They’ll be able to speak about the dangers of over-relying on windfall taxes and the perils of leaning on temporary forms of revenue to deliver political promises.
Tax derived from a housing bubble was used to offset cuts to income tax. When the bubble popped, the country was caught short and the pain began.
Everybody who came in and sat before those committee members were in agreement we could never afford to do such a thing again.
Here we are though, less than 12 months later, and it’s like all those tedious sessions in committee room three were nothing more than a receding dream.
The level of corporation tax that has flowed into the State’s vaults over the past 18 months or so has been nothing short of sensational.
To date in 2016, corporation tax has outperformed the Department of Finance expectations by €644m.
Put that in the context of tomorrow’s Budget.
Given the assumption about €1bn will be on the table and two thirds of that will go towards additional public spending, then the extra corporation tax taken in so far this year would just about cover that requirement.
In September alone, the State took in €136m in corporation tax it simply hadn’t seen coming.
Fianna Fáil’s demand that €5 be added to the State pension works out at roughly €150m a year. So the corpo tax over-performance in September almost covers that one.
However, there is a catch and it is a worrying one. The other tax headings to date have not fared so well when judged against expectations at the turn of the year.
Income tax is lagging by €114m while Vat is €278m behind. Almost €400m has failed to materialise under two tax headings which are indicative of the state of the real economy.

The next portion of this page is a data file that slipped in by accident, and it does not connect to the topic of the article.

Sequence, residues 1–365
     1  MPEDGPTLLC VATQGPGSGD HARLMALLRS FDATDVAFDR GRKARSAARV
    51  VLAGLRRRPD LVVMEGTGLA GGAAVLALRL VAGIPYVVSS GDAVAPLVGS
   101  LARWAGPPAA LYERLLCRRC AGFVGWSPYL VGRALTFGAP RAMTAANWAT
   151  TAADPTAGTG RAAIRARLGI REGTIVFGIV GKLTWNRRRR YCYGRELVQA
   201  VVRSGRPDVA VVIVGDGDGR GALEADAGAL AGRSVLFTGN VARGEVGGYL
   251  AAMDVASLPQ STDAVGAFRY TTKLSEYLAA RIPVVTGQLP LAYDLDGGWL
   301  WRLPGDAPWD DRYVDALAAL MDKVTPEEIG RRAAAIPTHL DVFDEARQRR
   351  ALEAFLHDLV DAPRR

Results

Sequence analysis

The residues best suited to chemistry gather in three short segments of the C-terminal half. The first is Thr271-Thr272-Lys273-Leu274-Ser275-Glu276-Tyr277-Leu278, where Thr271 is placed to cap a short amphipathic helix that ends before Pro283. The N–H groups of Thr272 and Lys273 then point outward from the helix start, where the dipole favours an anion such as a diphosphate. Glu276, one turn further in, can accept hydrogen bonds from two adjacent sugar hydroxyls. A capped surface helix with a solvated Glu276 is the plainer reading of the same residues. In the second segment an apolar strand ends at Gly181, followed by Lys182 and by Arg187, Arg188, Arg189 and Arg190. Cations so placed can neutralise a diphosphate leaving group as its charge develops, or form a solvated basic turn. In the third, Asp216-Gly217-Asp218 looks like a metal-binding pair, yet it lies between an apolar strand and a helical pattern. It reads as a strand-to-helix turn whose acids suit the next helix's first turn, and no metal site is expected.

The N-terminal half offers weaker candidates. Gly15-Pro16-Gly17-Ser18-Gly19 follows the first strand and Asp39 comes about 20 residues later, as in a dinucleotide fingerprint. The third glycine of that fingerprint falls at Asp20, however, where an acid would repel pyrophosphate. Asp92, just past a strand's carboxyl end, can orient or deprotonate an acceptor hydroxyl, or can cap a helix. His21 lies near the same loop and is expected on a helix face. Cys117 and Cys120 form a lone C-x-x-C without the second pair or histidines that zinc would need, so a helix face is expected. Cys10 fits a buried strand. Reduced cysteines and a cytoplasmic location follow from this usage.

Were it not for the boom in profits declared here by multinationals then we could be looking at an entirely different budget.
However, it’s not like nobody is talking about this. The Fiscal Advisory Council, the Central Bank and the European Commission all have put their concerns on the record.
Don’t build future budgetary strategy on this welcome new development, they warn.
Instead, eye it with suspicion. As they briefed the media last week, officials at the Department of Finance acknowledged they had been concerned at the end of last year that the huge spike in corporation tax in 2015 had perhaps been a once-off.
However, they went on to say that this year’s performance appeared to suggest that it was something more robust; more long lasting. So, let’s remind ourselves of a few facts about Irish corporation tax.
The vast bulk of it is paid by a tiny number of companies. Ten companies accounted for 40% of all the corporation tax collected in Ireland last year.
This was 6% of all tax revenue in 2015. And just in case the parallels with boom-time stamp duty weren’t already poking you in the eye, how’s this for an eerie symmetry?
That 6% which comes from those 10 companies is proportionally almost exactly the same as stamp duty was in 2007. When stamp duty melted away so too did the room for relatively low income tax rates.
The universal social charge was quickly conceived and we know the rest. Tomorrow’s budget will see reductions in that emergency tax. It will see money given to first-time buyers and pensioners.
Perhaps the Department of Finance has got this one correct.
Perhaps current corporation tax receipts are here to stay and it would be unfair to not take advantage of them to return money to people who soldiered under austerity policies for long enough.
Maybe, when we get to the end of the year, income tax and Vat will have matched up with forecasts.
However, to think we could be one Apple away from another austerity budget, surely puts things into some perspective.